How to avoid gluten

To make it easier for you to avoid gluten, some food labels include an allergy panel. This will tell you if a common allergen is present. Gluten containing ingredients are often listed, along with things like milk or nuts.

Don't you wish all manufacturers were this helpful?

Products that don't include such information are more challenging.  Gluten can hide itself in unfamiliar terminology. If you are new to the gluten free diet you may not yet recognize these ingredients. The table below gives some examples of things to watch out for.

Avoid gluten in disguise

Wheat flour Rye flour
Flavourings (suspect even if it says natural) Fillers
Edible or Food Starch (Maize starch is fine) Seasonings (suspect)
Binder Rusk
Bran Wheatgerm
Wheat protein Wholegrain
Thickening Wheat starch
Glucose syrup (often made from wheat) Malt
Matzo meal Spelt (an old form of wheat)
Brown rice syrup (often made from barley) imitation seafood (such as crab sticks)
HVP (Hydrolyzed vegetable protein) TVP (Textured vegetable protein)
Caramel color Dextrin


Check with the Manufacturer

So what do you do if a product lists a suspect ingredient?

  • Avoid it in case?
  • Take the risk?

Your safest option is to try phoning the manufacturer for more information. Tell them you need to avoid gluten and ask if the product is safe for you to eat.

You may be lucky, and get a knowledgable person on the other end of the phone. But this is not always the case. Sometimes the manufacturer doesn't know if a food is safe for you to eat. How come? If they use bought-in ingredients they may need to go back to their supplier to find out for you. Some companies are happy to do this, others less so.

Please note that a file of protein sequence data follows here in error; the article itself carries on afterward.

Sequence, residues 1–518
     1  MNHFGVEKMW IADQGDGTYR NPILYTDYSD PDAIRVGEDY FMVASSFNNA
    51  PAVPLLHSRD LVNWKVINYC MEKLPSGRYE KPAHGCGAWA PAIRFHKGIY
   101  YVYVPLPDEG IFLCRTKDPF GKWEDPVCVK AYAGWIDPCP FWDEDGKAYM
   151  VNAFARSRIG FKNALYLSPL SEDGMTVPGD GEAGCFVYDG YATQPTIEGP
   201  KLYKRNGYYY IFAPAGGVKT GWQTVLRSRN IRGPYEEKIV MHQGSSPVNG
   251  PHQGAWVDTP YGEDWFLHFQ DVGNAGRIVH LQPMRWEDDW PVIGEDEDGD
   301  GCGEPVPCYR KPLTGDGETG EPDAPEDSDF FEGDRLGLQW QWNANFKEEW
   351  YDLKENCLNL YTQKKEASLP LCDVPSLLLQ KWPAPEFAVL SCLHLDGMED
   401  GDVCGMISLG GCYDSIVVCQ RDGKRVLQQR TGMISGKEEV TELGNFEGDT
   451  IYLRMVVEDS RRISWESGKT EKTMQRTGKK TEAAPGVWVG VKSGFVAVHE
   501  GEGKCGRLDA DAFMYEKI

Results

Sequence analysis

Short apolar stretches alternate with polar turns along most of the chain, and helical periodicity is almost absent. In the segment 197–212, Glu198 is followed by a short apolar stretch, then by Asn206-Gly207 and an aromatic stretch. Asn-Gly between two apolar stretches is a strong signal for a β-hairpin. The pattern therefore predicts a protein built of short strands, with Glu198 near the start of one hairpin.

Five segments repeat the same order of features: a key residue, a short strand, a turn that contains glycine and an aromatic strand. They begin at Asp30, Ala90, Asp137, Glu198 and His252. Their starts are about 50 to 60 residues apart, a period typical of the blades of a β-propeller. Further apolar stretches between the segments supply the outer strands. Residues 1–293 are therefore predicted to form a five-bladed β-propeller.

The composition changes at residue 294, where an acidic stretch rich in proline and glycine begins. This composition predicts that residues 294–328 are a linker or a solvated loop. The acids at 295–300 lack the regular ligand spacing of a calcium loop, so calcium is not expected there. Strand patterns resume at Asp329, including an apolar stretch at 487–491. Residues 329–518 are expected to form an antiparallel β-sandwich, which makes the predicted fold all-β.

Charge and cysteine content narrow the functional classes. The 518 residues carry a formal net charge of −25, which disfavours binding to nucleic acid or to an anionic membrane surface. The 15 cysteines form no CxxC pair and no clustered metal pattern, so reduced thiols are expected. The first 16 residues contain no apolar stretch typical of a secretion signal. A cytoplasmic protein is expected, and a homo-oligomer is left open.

You may need to repeat this exercise, as the ingredients in foods change! Something that is safe now, may not be in 6 months time. Always check labels for such wording as “new recipe”  just in case.

The Manufacturing Process

OK, so you have read the list of ingredients and all seems fine. Nothing in there that should cause any trouble. But then you notice some smaller print at the bottom of the label. 

"Produced in a factory also handling milk, gluten, egg and nuts."

"What should you do now? Does this mean the food is unsafe?  Removing every trace of gluten from equipment used for other foods can be difficult. My personal preference is to avoid foods with such labels. 

There is another thing to be aware of in the manufacturing process.

Some foods are sticky. Wheat flour helps to keep them from sticking together, or to the machinery. As this is not classed as an ingredient, it is not required to include it on the packaging. The quantity present in the food is minimal, but can still cause issues.

Talking of quantities...

Even if a normal sized candy bar is gluten free, don't assume that a smaller bar will also be safe. Believe it or not the ingredients can differ! Always read the label.

What happened to me!

Let me end with a personal story.

OK, so you have read the list of ingredients and all seems fine. Nothing in there that should cause any trouble. But then you notice some smaller print at the bottom of the label. 

"Produced in a factory also handling milk, gluten, egg and nuts."

What should you do now? Does this mean the food is unsafe? 

Removing every trace of gluten from equipment used for other foods can be difficult. My personal preference is to avoid foods with such labels. 

There is another thing to be aware of in the manufacturing process.

Some foods are sticky. Wheat flour helps to keep them from sticking together, or to the machinery. As this is not classed as an ingredient, it is not required to include it on the packaging. The quantity present in the food is minimal, but can still cause issues.

Talking of quantities...

Even if a normal sized candy bar is gluten free, don't assume that a smaller bar will also be safe. Believe it or not the ingredients can differ! Always read the label.




  

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